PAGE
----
Name: Thomas Barnett-Young
Hometown: Ithaca, New York
Nationality: United States and United Kingdom
Languages spoken: English, Spanish (beginner), Chinese (beginner)
University: Connecticut College
Past travel experience: Avid
Volunteer Abroad: Advancing Community Rights in Phnom Penh, Cambodia
Duration: 5 weeks
Start month: February 2017
Claim to fame: Thomas organized hiking, skiing, and rafting trips as the Vice President of his school’s Outdoors Club. Welcome to the UBELONG Family 🙂
Why did you decide to become a UBELONG Volunteer?
I decided to become a UBELONG volunteer to make a small, but positive difference in the world. I had a gap year between undergraduate and graduate school, and I knew I wanted to volunteer abroad. I had a family member who had volunteered with UBELONG in the past, and they recommended it to me. Looking at UBELONG’s website, it became clear that I had found a safe and affordable option for volunteering.
What did you take from the experience?
During my time in Cambodia I learned a lot about the country’s dark past, and its current struggles. The volunteer house, and my volunteer placement, were both located in Phnom Penh, Cambodia’s capital city. During the week I explored the city and got a taste for Cambodian daily life, and on the weekends I was able to explore the surrounding areas. Siem Reap, Sihanoukville, and Mondulkiri were all vastly different from Phnom Penh. In Siem Reap I saw Angkor Wat, in Sihanoukville I explored pristine beaches, and in Mondulkiri I got up front and personal with elephants. Each was a nice experience that complemented the day-to-day experiences I was having in Phnom Penh.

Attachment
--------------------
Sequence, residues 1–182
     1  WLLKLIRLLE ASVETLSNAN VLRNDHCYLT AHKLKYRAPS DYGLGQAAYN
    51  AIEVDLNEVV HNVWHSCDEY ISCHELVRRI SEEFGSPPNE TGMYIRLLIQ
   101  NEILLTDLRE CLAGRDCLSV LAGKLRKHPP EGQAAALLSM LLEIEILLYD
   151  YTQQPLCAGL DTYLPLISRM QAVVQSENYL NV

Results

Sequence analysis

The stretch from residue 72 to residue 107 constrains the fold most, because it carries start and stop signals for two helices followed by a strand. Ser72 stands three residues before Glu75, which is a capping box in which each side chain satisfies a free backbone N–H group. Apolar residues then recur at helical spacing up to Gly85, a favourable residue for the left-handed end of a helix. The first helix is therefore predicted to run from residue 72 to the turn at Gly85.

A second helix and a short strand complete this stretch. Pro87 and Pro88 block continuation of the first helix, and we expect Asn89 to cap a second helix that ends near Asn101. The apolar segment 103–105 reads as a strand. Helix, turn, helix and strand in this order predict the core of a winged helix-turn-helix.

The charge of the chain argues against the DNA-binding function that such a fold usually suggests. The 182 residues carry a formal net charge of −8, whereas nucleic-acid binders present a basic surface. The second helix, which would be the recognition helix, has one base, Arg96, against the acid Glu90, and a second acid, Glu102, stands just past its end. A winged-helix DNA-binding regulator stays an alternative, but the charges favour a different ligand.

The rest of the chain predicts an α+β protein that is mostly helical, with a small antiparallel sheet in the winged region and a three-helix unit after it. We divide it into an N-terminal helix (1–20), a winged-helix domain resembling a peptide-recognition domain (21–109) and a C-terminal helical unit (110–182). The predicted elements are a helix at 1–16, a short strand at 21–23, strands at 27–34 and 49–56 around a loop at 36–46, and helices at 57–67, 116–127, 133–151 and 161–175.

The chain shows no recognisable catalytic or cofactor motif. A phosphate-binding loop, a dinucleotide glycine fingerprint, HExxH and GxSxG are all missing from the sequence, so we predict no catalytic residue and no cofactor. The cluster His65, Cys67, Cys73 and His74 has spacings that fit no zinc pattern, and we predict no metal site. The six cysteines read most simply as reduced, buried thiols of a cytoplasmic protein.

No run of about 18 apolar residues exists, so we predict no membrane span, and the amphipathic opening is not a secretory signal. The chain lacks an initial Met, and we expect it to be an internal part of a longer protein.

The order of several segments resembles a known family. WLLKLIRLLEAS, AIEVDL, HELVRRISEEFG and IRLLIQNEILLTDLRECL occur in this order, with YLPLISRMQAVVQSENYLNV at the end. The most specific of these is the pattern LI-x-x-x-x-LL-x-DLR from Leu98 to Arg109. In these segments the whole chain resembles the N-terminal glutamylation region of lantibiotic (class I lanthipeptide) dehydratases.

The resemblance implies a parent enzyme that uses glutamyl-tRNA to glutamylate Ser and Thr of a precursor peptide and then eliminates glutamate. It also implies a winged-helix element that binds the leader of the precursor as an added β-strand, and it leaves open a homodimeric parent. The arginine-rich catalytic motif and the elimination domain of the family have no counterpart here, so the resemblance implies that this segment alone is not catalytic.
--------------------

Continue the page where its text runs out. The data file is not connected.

What advice would you tell a future volunteer?
The volunteer house I stayed at in Phnom Penh had a guidebook of sorts, with advice for future residents written by departing ones. I would echo some of the advice I read in that book, which applies to many UBELONG locations, I would think. First and foremost, stay active, wherever you are the time will go by quickly and you will wish you could’ve done more. Secondly, I would say make sure you are getting to know the other volunteers in your house, they tend to be about as diverse a group of people as you will ever find. Lastly, I would say to be open to new experiences. One weekend, I was invited by my coworkers to travel to remote parts of the country to visit rural villages and establish connections with local people who might be able to support the NGO’s mission. I’m glad I went because I saw a side to Cambodia that is tough to see without that kind of immersion.
In a sentence or less, how would you sum up your experience?
I met lots of interesting people and learned a lot – glad I went.